Home Composting: Use Your Kitchen Waste To Make Garden Soil

Most of the waste materials in your kitchen can be used for composting. Things like leftover foods and plant debris contain a lot of nutrients that can help your garden plants grow healthy and strong. With your kitchen leftovers, you can create fertile and rich garden soil.

Although it is possible to compost your leftovers on the ground, this process can be quite messy and smelly. Make no mistakes about it, leftover foods can emit an awful smell after being kept for a few days so if you do not want your home to stink, use a sealed composting bin. A sealed home composting bin will not only keep the stink in check, it will also keep rodents and insects out. You do not need an expensive home composting bin to start your home composting project. There are plenty of cheap recycling bins in the market and most of these bins are quite reliable.

After getting your recycling bin, put your bin at the back of your house and start filling it with compost materials from your kitchen. To create good garden soil, you need to put a variety of composting materials into your recycling bin. Remember that what you put inside the bin is the same kind of materials that will turn into garden soil so make sure that you put green kitchen waste including leftover vegetables, fruits, coffee grounds, leftover tea leaves and other nitrogen rich waste into your bin.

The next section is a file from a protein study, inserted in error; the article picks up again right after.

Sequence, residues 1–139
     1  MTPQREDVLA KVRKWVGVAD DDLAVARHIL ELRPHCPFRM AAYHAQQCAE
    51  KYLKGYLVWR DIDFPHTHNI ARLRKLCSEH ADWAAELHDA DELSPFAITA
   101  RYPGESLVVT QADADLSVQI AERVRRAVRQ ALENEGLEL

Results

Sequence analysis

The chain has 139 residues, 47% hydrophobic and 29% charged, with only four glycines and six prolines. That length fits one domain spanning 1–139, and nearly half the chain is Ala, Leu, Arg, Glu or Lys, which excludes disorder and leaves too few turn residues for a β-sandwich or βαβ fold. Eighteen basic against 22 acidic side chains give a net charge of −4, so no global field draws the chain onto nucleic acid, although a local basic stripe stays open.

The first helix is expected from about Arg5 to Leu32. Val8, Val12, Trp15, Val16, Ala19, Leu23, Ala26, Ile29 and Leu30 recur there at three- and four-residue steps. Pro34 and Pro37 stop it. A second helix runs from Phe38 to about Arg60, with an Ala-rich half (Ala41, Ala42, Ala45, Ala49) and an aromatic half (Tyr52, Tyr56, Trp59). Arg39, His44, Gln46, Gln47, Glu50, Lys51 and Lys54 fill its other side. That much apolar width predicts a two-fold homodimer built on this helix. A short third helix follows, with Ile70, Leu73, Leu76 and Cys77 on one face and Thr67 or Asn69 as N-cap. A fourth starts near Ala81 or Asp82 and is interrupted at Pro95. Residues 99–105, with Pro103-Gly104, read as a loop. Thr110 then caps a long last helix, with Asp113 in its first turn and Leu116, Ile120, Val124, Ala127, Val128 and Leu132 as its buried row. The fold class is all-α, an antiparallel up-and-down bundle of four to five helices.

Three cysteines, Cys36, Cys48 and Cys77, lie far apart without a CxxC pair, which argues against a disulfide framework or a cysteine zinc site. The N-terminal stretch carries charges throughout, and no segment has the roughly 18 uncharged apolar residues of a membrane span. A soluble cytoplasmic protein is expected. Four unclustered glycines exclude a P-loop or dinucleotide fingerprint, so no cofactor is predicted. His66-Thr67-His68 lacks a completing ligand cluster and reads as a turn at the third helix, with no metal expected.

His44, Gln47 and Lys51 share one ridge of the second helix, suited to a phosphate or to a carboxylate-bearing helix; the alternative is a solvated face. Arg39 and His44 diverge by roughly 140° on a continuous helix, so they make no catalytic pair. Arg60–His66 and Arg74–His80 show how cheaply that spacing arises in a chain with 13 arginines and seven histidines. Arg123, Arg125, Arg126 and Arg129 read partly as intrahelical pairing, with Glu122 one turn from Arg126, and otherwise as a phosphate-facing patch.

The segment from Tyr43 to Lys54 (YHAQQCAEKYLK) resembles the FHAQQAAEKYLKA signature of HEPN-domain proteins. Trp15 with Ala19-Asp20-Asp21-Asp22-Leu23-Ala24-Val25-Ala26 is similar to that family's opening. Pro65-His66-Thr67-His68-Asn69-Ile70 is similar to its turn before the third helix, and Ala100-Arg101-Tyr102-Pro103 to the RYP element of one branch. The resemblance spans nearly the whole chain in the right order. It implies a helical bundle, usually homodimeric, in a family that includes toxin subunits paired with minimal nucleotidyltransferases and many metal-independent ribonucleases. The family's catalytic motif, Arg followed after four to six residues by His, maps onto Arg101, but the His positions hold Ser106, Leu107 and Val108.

Brown waste materials such as cardboard and cardboard tubes, sawdust, leftover cereals, dead plants and the likes are also good materials for your garden soil so put plenty of these type of things into your composting bin. You can even add used egg shells, paper towels and paper bags into your compost. However, do not put too much of these stuff into your composting bin. Eggshells, paper towels and brown bags do not decompose as fast as kitchen leftovers. Once your bin is filled, seal it to keep insects and rodents out.

Your kitchen waste will decompose faster if you turn it over every two weeks. For hygiene reasons, wear a mask and gloves when you turn the pile especially during the first few weeks. Note that some types of kitchen leftovers rot slowly and they tend to emit foul smell while rotting so make sure that you cover your nose and mouth when you turn the pile. After turning the contents of your bin, close the bin and seal it tightly to prevent the stink from coming out.